Summary of reply: The Caesar of history doesn’t need supernatural tales, but Jesus is nothing without them. And that “You’re biased against the supernatural!” charge doesn’t withstand scrutiny.
(These Bite-Size Replies are responses to “Quick Shots,” brief Christian responses to atheist challenges. The introduction to this series is here.)
Challenge to the Christian: Jesus was just a man
Christian response #1: “If you trust what history tells us about Caesar (who was just a man), why wouldn’t you trust what history tells us about Jesus (who was described as God incarnate)?”
BSR: An account of Julius Caesar as a man isn’t surprising. We know of many men in history who did remarkable things. That he conquered Gaul or was on the winning side of a civil war or was the Roman Republic’s dictator for life are facts that every student of history will agree to. By contrast, claims about the supernatural are never universally agreed to.
The Roman historian Suetonius reported that Caesar, pausing before taking the monumental step of crossing the Rubicon river with his army, saw a divine messenger urging him to cross. Historians scrub supernatural claims like this from history. Give historians the gospels, and they’ll do the same.
How do we know about Julius Caesar? Unlike the gospels, it’s not just copies of ancient documents that refer to him. We have copies of books he wrote. There are inscriptions mentioning him. There are coins, busts, and statues with his likeness. There’s a calendar and even a month named after him! Remove the supernatural from the Caesar story, and you’re left with the remarkable Caesar of history, but remove it from the gospels, and you’re left with just the story of an not-particularly-interesting peasant from a distant culture. Jesus is nothing but his supernatural story.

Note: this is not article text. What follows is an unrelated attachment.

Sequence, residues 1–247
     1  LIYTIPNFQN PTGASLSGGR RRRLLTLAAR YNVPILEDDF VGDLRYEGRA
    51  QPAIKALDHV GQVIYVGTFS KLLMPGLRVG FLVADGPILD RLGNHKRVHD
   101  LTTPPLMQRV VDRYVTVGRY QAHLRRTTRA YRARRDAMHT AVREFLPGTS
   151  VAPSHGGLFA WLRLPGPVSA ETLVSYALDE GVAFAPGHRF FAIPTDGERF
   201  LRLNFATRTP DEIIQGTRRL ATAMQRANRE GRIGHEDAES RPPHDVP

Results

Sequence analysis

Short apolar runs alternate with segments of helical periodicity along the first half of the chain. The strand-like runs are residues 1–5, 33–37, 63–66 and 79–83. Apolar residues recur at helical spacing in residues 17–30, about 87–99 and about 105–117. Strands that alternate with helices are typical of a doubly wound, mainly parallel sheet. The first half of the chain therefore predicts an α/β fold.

If a claim is believed because it’s dogma rather than because evidence has convinced the historians, it’s not worth believing in.
Remove the supernatural from the Julius Caesar story, and you’re left with the remarkable Caesar of history, but remove it from the gospels, and you’re left with just the story of an uninteresting peasant. [Click to tweet]
Christian response #2: Why trust the gospels when they say that Jesus existed but not when they say that he was a god?
BSR: Because reports of humans are common and typically trustworthy. Reports of gods are fiction, legend, or mythology, not history. If there is an exception in the case of Jesus, you need a mountain of evidence to support this remarkable claim. Julius Caesar, Caesar Augustus, Alexander the Great, and other historical figures from two millennia ago often have supernatural tales in their biographies, but historians accept none of them as history.
Even the part about Jesus existing isn’t certain. Some religions were started by a real person, and some weren’t. Either is possible in the case of Christianity.
This is a bias against the supernatural, though not an exclusion of that possibility. It’s a bias because the supernatural is unnecessary to explain anything about religion—not its origin, its affect on people, or its growth. Sure, I have a bias against the supernatural. Who doesn’t? List the supernatural claims of Hinduism, Scientology, or Mormonism, and the Christian will be as skeptical as I am. My bias for the plausible natural explanation is no different from the Christian’s . . . in every domain but Christianity.
Sure, I have a bias against the supernatural. Who doesn’t? List the supernatural claims of Hinduism, Scientology, or Mormonism, and the Christian will be as skeptical as I am. [Click to tweet]
(The Quick Shot I’m replying to is here.)
Continue with BSR 20: Christianity Is Anti-Science
For further reading:
- 12 Reasons Why Jesus Is a Legend
- Stupid Argument #7: “If you throw out the account of Jesus, you must discard the record of every other figure of history” here
- Richard Carrier: Is Evidence for Jesus Really as Good as for Caesar?
- Historians Reject the Bible Story
in the history of the human species—
back to the invention of stone tools
and the domestication of fire—
has been ethically ambiguous.
— Carl Sagan, The Demon-Haunted World
Image from Vidar Nordli-Mathisen, CC license